Do you think of Chicago as an oil and gas town? Dallas, yes; Houston, for sure; New Orleans, uh-huh; maybe Bismarck, North Dakota (for the shale gas); and perhaps even New York (because of trading oil futures on the NYMEX).
But wait up. Today Judge Richard Posner wrote about oil and gas leases. Forget that the leases covered acreage in Texas. And never mind that he mainly lays out some basics on "lessor", "lessee", "primary term", "secondary term", and "operator". Judge Posner represents Chicago the way J. R. Ewing does Dallas. And the fact that a Chicagoan wrote about oil and gas sort of tickled Blawgletter.
The case involved a not-so-mundane fight over contempt of an Indiana district court's order. The edict in question called on SonCo Holdings to pay a $250,000 bond to the Texas Railroad Commission, which deals with oil and gas matters in the Lone Star State, and to replace ALCO Oil & Gas as the leases' "operator", which handles drilling wells and so forth. Except the order didn't say the part about getting a new operator in So Many Words. Yet the judge held SonCo in "contempt" for not doing what the order required and as a "sanction" forced SonCo to sign the leases over to ALCO. SonCo appealed.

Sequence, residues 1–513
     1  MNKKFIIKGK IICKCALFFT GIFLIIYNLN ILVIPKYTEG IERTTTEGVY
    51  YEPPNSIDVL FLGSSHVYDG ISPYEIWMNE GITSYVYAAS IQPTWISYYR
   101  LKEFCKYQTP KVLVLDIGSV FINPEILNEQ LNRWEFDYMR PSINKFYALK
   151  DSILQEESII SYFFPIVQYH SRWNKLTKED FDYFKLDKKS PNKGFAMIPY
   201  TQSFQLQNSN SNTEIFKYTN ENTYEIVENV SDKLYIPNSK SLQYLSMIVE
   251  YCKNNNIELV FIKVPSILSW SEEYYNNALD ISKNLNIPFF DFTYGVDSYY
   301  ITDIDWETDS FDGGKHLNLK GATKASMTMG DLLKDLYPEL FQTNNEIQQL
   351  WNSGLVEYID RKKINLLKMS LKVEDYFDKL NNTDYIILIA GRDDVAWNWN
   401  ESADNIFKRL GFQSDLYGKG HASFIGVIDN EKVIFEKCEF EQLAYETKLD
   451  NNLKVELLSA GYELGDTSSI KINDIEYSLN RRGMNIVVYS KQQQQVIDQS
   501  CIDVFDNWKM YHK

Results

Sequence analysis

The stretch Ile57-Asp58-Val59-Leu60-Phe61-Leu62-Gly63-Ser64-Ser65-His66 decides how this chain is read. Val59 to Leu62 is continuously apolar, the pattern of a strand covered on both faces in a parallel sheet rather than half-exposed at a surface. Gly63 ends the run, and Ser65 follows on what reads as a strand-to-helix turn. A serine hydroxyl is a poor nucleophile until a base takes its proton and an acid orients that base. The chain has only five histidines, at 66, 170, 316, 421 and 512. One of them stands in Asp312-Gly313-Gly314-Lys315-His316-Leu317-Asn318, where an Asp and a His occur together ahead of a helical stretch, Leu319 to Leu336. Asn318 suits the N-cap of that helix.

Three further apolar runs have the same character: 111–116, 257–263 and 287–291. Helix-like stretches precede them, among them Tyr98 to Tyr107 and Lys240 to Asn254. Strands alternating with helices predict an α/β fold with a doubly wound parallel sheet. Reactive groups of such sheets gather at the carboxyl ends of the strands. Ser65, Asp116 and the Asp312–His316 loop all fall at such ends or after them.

Judge Posner didn't buy SonCo's point that it didn't violate the order because the order didn't say in So Many Words "get a new operator to replace ALCO". "We said the order was poorly drafted, and meant it wasn't clear." Securities and Exchange Comm'n v. First Choice Mgmt. Svcs., Inc., No. 11-1702, slip op. 10 (7th Cir. May 1, 2012). That differs from calling the order "ambiguous". He noted that "context . . . can disambiguate . . . [and] does so in this case." Id.
The panel vacated the sanction, though, finding that the district court didn't explain how forcing SonCo to give the leases over to ALCO counted as compensation rather than punishment and therefore made the order one for civil contempt rather than the criminal kind.